Long-awaited Blueberry River deal means it’s no longer ‘business as usual’ for Montney gas producers

British Columbia and Blueberry River First Nations agreed on a plan that will clear the way for oil and gas development in the lucrative Montney shale play in northeast B.C. and northwest Alberta, albeit with strict conditions that will limit disruption of Blueberry River’s territory.

“There’s no longer business as usual,” Chief Judy Desjarlais said at a press conference on Jan. 18.

But business is now at least possible for the first time since the B.C. Supreme Court ordered a freeze on new oil and gas development nearly 19 months ago, ruling that decades of development on Blueberry River’s 3.8 million hectares in northern B.C. had violated its Treaty 8 rights.

The temporary moratorium on new activity significantly slowed energy development in the province last year even as natural gas prices soared, with only 319 gas well licenses being issued in B.C. since the court’s decision, compared to 552 in the same period the previous year, according to data from the B.C. Oil and Gas Commission.

Industry welcomed the news, even though the tougher conditions call for halving the rate at which land is disturbed for new oil and gas wells in the region. The province and Blueberry River will jointly manage land-use planning with specific provisions governing wildlife management, forestry and oil and gas projects. Blueberry River will also receive $87.5 million over three years, with the possibility of further benefits from oil and gas revenue-sharing and provincial royalties over the next two fiscal years.

“This agreement does have an impact on oil and gas development in the northeast,” Premier David Eby said at the news conference. “It has very specific provisions about the amount of land disturbance that is permitted related to oil and gas. This is one of the major concerns that caused (Blueberry River First Nations) to bring the court challenge and it was also a key discussion around the table.”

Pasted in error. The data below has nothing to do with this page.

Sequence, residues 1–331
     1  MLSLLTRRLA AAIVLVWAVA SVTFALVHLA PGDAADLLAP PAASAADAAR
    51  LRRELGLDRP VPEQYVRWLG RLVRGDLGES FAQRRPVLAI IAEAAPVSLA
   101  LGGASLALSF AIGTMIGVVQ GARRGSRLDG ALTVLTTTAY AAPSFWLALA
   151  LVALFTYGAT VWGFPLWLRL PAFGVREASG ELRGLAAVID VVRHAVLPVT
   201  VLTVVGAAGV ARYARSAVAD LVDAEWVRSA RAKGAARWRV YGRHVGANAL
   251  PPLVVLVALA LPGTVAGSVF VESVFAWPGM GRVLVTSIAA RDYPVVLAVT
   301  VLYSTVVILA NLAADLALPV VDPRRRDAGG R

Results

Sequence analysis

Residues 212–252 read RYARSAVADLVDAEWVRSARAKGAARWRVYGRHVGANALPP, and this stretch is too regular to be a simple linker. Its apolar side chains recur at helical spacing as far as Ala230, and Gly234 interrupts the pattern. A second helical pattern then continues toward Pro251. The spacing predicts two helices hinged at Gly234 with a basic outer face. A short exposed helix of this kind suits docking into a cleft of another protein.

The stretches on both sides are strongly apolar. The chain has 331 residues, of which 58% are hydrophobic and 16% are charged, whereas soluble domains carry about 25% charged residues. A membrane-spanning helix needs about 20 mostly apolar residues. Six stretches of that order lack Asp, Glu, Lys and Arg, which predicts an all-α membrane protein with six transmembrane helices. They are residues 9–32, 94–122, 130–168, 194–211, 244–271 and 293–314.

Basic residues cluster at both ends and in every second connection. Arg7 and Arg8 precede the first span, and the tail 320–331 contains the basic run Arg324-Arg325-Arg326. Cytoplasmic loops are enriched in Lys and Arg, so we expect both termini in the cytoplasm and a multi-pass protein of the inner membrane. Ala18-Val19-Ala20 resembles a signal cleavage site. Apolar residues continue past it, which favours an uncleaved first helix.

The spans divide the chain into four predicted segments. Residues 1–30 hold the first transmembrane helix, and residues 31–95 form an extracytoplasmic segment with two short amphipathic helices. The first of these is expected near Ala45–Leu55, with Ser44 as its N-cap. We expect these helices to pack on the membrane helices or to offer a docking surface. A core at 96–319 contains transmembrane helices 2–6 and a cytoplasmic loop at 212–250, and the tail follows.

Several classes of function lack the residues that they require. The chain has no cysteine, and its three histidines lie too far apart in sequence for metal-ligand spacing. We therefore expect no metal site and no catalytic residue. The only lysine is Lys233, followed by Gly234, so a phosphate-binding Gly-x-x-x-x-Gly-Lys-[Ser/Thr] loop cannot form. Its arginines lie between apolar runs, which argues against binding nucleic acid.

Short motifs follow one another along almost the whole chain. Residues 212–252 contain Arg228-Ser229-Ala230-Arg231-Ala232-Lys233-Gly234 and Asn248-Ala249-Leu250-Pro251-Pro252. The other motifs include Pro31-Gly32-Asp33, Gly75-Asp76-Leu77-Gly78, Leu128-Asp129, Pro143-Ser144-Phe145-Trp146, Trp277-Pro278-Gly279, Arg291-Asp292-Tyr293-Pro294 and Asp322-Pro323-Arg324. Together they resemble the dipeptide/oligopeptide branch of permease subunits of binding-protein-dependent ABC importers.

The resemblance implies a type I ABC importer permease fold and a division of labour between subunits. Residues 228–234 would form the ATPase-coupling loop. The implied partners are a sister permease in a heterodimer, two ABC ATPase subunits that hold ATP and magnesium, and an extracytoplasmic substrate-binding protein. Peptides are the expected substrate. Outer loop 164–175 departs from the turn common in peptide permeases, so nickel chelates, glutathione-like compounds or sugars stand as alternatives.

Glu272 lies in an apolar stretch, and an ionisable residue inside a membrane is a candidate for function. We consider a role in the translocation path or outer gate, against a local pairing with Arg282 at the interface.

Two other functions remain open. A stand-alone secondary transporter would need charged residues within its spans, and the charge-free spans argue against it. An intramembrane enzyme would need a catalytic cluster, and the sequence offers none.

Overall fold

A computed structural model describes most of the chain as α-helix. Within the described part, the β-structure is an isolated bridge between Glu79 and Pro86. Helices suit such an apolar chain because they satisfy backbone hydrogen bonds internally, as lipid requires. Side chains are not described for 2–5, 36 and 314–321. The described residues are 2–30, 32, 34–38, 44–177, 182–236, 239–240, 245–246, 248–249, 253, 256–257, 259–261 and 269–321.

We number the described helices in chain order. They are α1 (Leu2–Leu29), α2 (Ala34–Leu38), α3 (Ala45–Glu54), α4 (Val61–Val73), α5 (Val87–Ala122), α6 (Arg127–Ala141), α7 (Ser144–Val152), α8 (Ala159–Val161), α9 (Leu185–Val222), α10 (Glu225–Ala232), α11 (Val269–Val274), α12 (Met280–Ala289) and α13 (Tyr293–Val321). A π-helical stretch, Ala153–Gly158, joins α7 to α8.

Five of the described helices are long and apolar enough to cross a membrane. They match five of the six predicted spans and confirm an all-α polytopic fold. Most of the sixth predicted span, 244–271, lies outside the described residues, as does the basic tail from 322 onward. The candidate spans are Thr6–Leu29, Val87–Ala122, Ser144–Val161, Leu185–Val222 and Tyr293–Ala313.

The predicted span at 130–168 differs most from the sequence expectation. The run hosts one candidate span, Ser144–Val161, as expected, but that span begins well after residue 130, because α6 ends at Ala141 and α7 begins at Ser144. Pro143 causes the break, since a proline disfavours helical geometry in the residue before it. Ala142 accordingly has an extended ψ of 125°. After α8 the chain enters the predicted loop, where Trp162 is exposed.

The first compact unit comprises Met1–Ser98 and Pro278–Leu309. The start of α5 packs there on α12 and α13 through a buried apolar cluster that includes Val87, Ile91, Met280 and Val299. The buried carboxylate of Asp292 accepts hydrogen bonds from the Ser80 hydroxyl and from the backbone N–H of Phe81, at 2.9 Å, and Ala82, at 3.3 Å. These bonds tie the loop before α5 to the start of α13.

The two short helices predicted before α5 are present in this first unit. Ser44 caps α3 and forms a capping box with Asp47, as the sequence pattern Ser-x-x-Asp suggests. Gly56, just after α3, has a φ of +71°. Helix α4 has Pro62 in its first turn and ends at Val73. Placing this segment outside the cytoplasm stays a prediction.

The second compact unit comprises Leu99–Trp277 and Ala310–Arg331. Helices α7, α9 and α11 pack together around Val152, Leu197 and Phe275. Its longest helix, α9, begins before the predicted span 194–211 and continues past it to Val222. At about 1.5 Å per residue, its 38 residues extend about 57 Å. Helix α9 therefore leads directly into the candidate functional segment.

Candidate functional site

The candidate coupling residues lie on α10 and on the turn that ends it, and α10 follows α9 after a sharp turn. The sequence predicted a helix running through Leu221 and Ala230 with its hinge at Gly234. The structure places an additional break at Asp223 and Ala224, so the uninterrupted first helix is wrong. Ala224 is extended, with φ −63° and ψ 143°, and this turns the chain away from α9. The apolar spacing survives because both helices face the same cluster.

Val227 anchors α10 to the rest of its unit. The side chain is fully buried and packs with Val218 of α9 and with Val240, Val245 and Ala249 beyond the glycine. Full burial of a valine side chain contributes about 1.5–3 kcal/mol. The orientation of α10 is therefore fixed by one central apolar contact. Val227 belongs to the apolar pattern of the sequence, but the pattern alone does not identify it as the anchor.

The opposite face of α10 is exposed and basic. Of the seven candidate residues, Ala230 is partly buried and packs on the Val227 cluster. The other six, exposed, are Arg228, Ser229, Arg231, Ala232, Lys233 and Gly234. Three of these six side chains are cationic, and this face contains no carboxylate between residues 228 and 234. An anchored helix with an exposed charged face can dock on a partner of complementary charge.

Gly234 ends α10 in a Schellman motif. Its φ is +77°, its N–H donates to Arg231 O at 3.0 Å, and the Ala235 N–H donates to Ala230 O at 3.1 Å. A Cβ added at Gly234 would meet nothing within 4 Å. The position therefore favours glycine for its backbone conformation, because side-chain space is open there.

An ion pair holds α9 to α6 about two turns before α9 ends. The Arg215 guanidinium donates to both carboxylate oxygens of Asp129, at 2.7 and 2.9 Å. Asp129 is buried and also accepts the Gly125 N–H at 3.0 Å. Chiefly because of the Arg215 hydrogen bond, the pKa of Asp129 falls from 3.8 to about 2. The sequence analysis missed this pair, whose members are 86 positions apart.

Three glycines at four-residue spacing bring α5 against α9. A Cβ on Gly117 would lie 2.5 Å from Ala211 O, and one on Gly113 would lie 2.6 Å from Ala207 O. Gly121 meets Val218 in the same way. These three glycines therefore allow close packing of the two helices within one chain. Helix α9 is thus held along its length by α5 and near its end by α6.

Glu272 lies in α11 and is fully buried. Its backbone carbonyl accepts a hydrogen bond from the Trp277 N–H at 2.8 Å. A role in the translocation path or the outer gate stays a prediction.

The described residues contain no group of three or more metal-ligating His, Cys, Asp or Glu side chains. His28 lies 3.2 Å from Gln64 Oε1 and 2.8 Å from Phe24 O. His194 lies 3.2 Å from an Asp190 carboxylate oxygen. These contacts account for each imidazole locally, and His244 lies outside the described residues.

The Montney formation, spanning the northern B.C.-Alberta border, accounts for between 45 to 50 per cent of all the natural gas produced in Western Canada. There are currently 20 active operators within the B.C. portion of the Montney, according to the B.C. Oil and Gas Commission, including firms like Canadian Natural Resources Ltd., Tourmaline Oil Corp. and ARC Resources Ltd.

Tourmaline Oil CEO Michael Rose was among a group of industry representatives who issued statements in support of the new agreement. “I am pleased with this new framework for oil and gas development that will create significant prosperity for the people and the province, for Blueberry River First Nation and all the Treaty 8 First Nations of B.C., and for industry,” Rose said.

Petronas Energy Canada Ltd. CEO Izwan Ismail — whose company owns a 25 per cent interest in the LNG Canada export project in Kitimat, B.C. — said he was “encouraged” by the agreement, pointing out the importance of gas sourced from the Montney basin to the success of the company’s LNG Canada project.

“With this important agreement in place…it is our expectation that now the necessary work can now proceed at pace for Petronas,” Ismail said at the news conference. “This will ensure that the gas we deliver to the LNG Canada project is responsibly produced right here in B.C., benefiting Blueberry River First Nations and other First Nations in the entire province and country.”

To be sure, the clarity for producers holding permits in northeast B.C. comes with a higher level of scrutiny than producers are used to. “There’s perhaps more clarity achieved, but that clarity is that there will be significant limits on industry’s use of land in that area,” said Dwight Newman, Canada research chair in Indigenous rights in constitutional and international law at the University of Saskatchewan.

The agreement limits new surface disturbances from oil and gas development on Blueberry River’s territory to 750 hectares annually — a 50 per cent reduction from the roughly 1,500 hectares in annual new disturbances that the area averaged in the five years prior to the court decision. That won’t necessarily cause a dramatic reduction in the number of new wells, however, because techniques such as horizontal drilling allow producers to expand without scarring the surface.

“Overall, we expect the agreement to add some hurdles, delays, and costs to development within northeast B.C., but we expect these to be reasonable and see the overall result as in line with our expectations for a workable solution,” wrote Scotiabank Global Equity Research analyst Cameron Bean in a research note Jan. 19.

Desjarlais said producers will have few problems as long as they commit to “pre-engagement” and maintaining good relationships with her community.

“Without those two things, it’s going to be very hard to be successful in any planned project,” Desjarlais said. “This is not stopping business, this is building a new way of building relationship and the first step into reconciliation and a lot of meaningful engagement.”

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